…by Jonas E. Alexis
The Holocaust establishment is already panicking because Norman Finkelstein has recently said something that they were not expecting at all. Finkelstein declared:
“David Irving was a very good historian – I don’t care what Richard Evans (the historian who was a key player in the Lipstadt libel trial) says. He produced works that are substantive…If you don’t like it, don’t read it. In the case of Irving, he knew a thing or two – or three.”
Obviously Finkelstein has broken one of the prevailing and sacrosanct dogmas of the Holocaust. He has certainly crossed the line because David Irving, according to the vision of anointed people of this world, is not only a Holocaust denier and an anti-Semite, but he has never produced anything that is worth reading at all. As Richard J. Evans himself puts it, Irving’s writing is:
“completely worthless as history, because Irving cannot be trusted anywhere, in any of them, to give a reliable account of what he is talking or writing about…if we mean by historian someone who is concerned to discover the truth about the past, and to give as accurate a representation of it as possible, then Irving is not a historian.” The ADL calls Irving “one of the most best known Holocaust deniers in the world.”
Finkelstein, like other serious scholars who have praised Irving in the past (despite the fact that they disagree with his conclusions), would beg to differ. But we also have a scholarly problem here. Is a person even allowed to use archival evidence to present his point? Isn’t that what serious historians supposed to do? Are we really doing history a service by labeling anyone who disagrees with us racists or anti-Semites?
This has gotten so bad that Slavoj Zizek, of all people, had to say something about it. Zizek writes:
“Some British Jews feel affronted by alleged anti-Semitism in the UK Labour Party. But how many of the complainants empathize with complaints from West Bank Palestinians?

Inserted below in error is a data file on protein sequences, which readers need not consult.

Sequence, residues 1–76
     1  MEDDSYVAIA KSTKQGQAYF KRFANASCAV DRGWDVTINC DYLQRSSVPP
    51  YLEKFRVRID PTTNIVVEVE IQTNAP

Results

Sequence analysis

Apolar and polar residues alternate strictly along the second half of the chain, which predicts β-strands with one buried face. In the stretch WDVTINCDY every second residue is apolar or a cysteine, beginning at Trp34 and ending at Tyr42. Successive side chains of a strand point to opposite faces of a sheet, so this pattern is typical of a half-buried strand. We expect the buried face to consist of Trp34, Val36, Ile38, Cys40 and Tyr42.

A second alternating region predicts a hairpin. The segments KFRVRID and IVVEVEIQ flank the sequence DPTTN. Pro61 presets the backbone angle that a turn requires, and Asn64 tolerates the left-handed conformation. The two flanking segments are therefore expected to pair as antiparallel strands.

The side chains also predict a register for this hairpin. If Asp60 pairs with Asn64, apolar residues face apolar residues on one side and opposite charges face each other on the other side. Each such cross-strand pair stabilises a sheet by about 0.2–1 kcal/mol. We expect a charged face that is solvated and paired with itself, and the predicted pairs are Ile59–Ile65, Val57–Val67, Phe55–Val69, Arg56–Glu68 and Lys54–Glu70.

“Throughout history, thinking at variance with the mainstream was always unpopular and risky. However, at various times, it has been tolerated to different degrees. Today, it’s less and less acceptable than in the recent past. We can see this clearly, right now, as the unwritten rule which determines the limits of what is acceptable is breaking apart, and different visions compete to impose themselves as hegemonic.
“Years ago, Noam Chomsky caused a scandal when he followed Voltaire’s maxim to its extreme: he defended the holocaust denier Robert Faurisson’s right to publish his book, and his argumentation even appeared in Faurisson’s book as an afterword. Today such a gesture would be immediately identified as anti-Semitic. Holocaust denial is today not only criminalized, the terms of its criminalization are sometimes even numerically circumscribed.”
That is so true. By continuing to attack freedom of speech and archival documents, the Holocaust establishment essentially digging its own grave. They are not trying to silent people. No, they are trying to silent people who want to ask deep questions about the past.
The fact is no one can ultimately silent the pursuit of truth. No one can silent truth and win. It’s impossible. That is one reason why the Holocaust establishment will one day fall.
-  Richard J. Evans, “David Irving, Hitler and Holocaust Denial: Electronic Edition,” HolocaustDenialOnTrial.org.
-  http://www.adl.org/learn/ext_us/irving.asp?LEARN_Cat=Extremism&LEARN_SubCat=Extremism_in_
- America&xpicked=2&item=irving227. Guttenplan, The Holocaust on Trial, 1.
-  Slavoj Zizek, “Anti-Semitism & Me Too complaints challenge freedom of debate,” Russia Today, July 11, 2019.
Jonas E. Alexis has degrees in mathematics and philosophy. He studied education at the graduate level. His main interests include U.S. foreign policy, the history of the Israel/Palestine conflict, and the history of ideas. He is the author of the new book, Kevin MacDonald’s Metaphysical Failure: A Philosophical, Historical, and Moral Critique of Evolutionary Psychology, Sociobiology, and Identity Politics. He teaches mathematics in South Korea.